What are you reading? You can share your favorite books by tagging your social media posts with #OpenBook and linking up with us at Carolyn Astfalk’s “My Scribbler’s Heart” blog as well as CatholicMom.
As well as a Trifecta in February as we unveil the long-awaited sequel to Molly McBride and the Plaid Jumper, and so, at last! here it is:
From the back cover:
Molly McBride is turning 6, and her Momma is planning a BIG party. Everyone in Molly’s class is supposed to get an invitation. But should a certain class bully be invited, too? Or would it be better if his were “lost”?
Join Molly and friends as they learn that doing actor of charity, while always a good thing, isn’t always a party.
A true love story, Molly McBride and friends, with the help of Father Matt, learn the real meaning of charity. The story also subtly examines school bullying through a unique lens: “loving thy enemy” via the Gospel of Matthew.
As always, in my effort to expose Catholic kids to the religious life, there are special guests in this book: along with Father Matt, the Children of Mary sisters play a big part in Party Invitation.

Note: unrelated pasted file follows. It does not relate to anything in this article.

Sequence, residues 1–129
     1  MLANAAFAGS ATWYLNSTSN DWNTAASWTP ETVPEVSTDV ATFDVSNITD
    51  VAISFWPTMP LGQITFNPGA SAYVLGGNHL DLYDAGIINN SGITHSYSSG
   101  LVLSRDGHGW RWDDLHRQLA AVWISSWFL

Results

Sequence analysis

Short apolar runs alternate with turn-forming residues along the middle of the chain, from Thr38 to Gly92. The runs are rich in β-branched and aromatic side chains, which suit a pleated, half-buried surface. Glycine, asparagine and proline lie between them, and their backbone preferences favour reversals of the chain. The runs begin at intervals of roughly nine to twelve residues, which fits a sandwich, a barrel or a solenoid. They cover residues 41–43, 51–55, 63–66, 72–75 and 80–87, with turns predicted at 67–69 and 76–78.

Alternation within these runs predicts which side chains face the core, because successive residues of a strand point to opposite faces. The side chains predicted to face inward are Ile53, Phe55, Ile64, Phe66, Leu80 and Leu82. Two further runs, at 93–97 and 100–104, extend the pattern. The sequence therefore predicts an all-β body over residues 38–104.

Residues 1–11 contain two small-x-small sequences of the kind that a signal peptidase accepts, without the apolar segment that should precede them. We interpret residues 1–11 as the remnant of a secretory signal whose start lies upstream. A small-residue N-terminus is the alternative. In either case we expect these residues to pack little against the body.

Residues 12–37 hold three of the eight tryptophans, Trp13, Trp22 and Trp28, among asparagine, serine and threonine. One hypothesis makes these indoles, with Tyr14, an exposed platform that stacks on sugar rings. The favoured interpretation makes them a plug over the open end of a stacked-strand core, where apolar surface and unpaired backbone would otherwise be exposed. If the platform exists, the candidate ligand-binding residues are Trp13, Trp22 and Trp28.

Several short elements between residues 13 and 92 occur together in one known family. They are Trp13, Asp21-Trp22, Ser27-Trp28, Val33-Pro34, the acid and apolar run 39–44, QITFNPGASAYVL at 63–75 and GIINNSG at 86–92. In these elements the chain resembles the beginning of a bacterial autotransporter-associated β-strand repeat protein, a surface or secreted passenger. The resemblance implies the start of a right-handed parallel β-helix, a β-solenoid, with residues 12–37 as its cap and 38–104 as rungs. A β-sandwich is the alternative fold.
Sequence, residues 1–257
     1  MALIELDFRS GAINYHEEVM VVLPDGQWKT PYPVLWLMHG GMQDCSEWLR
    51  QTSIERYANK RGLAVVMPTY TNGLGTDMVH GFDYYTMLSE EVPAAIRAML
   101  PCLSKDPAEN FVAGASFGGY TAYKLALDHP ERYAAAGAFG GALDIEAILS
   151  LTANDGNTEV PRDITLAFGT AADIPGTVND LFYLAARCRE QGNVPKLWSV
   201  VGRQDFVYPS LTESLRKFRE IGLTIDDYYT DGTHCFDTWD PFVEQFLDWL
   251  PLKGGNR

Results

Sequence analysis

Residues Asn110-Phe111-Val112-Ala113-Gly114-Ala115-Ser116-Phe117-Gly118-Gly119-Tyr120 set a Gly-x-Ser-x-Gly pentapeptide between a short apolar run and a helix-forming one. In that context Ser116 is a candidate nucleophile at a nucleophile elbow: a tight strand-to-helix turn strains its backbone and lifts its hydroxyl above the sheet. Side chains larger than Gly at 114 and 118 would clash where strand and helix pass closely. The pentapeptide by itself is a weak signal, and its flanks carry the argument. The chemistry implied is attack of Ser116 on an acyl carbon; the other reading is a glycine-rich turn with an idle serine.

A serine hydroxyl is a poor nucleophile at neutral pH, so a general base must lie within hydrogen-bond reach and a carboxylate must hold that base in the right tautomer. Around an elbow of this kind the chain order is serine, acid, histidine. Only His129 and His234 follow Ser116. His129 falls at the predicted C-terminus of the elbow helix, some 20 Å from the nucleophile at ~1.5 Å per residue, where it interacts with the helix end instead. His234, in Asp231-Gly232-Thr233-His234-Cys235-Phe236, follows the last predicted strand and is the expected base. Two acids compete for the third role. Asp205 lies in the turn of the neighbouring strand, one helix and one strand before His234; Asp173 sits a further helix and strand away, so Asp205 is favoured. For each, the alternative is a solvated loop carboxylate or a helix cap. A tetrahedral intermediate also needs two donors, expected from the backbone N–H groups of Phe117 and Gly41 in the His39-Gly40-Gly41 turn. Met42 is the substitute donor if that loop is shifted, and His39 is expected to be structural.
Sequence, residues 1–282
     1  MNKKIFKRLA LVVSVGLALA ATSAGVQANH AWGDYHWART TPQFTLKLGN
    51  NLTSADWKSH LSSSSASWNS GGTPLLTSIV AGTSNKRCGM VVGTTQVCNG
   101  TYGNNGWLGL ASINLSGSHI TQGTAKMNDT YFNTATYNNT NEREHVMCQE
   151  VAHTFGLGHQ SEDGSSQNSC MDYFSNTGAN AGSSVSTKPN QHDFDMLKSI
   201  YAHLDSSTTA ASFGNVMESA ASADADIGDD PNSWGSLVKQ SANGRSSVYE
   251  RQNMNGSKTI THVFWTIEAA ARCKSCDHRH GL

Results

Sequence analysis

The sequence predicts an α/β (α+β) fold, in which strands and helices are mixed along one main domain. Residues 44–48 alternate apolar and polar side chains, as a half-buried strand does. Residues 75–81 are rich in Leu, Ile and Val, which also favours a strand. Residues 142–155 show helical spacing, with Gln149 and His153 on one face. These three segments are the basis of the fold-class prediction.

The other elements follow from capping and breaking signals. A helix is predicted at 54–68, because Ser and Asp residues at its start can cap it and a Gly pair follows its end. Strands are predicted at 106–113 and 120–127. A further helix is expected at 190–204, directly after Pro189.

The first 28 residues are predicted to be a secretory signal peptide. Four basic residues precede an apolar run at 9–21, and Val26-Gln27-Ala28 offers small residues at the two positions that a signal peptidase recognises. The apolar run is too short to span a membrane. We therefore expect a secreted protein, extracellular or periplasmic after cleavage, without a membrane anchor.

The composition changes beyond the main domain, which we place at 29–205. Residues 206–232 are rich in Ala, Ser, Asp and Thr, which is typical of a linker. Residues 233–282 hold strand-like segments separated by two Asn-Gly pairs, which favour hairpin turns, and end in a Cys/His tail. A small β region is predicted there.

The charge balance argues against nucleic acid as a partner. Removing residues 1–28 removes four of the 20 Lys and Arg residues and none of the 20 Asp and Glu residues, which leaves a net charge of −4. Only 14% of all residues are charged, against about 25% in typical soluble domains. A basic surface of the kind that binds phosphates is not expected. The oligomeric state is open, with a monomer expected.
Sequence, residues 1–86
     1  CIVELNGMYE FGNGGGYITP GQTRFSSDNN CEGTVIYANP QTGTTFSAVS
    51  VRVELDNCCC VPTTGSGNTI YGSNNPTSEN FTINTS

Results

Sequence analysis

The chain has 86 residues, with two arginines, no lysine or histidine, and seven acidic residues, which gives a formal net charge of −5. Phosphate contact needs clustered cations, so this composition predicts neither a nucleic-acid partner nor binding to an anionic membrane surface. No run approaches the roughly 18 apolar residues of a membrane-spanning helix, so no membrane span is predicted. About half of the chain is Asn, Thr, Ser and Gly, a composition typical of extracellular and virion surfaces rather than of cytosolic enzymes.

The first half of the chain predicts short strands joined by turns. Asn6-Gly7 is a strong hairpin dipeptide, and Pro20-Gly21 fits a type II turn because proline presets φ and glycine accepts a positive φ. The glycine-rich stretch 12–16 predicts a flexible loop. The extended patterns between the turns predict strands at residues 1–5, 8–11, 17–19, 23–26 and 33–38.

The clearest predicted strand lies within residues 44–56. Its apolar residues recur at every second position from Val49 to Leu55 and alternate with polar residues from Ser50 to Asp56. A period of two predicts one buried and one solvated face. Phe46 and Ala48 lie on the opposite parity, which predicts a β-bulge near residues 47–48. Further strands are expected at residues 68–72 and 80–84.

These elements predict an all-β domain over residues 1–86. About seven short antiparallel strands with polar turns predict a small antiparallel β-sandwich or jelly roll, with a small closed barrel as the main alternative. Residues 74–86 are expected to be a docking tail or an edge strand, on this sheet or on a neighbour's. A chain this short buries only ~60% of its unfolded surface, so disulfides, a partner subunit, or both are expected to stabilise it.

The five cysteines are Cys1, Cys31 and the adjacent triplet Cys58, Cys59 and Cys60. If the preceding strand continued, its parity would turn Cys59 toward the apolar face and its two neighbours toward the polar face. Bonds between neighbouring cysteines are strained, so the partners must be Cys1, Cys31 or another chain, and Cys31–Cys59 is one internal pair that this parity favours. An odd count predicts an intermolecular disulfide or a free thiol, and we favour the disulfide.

Friends, it’s ready to order NOW via Amazon here: Party Invitation! It’s the perfect Valentine’s Day, Easter, birthday, or First Communion gift for the Catholic kids in your life. Miss Molly is turning 6 in this story, but the Molly books are enjoyed by kids of all ages, especially the 3-9 year-old crowd.
Momma here wishes to thank all Molly’s faithful fans, especially my family: may charity and love prevail.
2018 is a PARTY year for MM fans young and old. Stay tuned to your favorite Molly McBride social media channels so you don’t miss her latest book release information and trailer!
Thought about what to make with all your leftovers yet?
We all have *that friend* who can make anything and everything as perfect as Pinterest. I, however, once attempted to make a “simple” Minecraft Creeper birthday cake. It came out looking like 50 shades of mold growing on a box.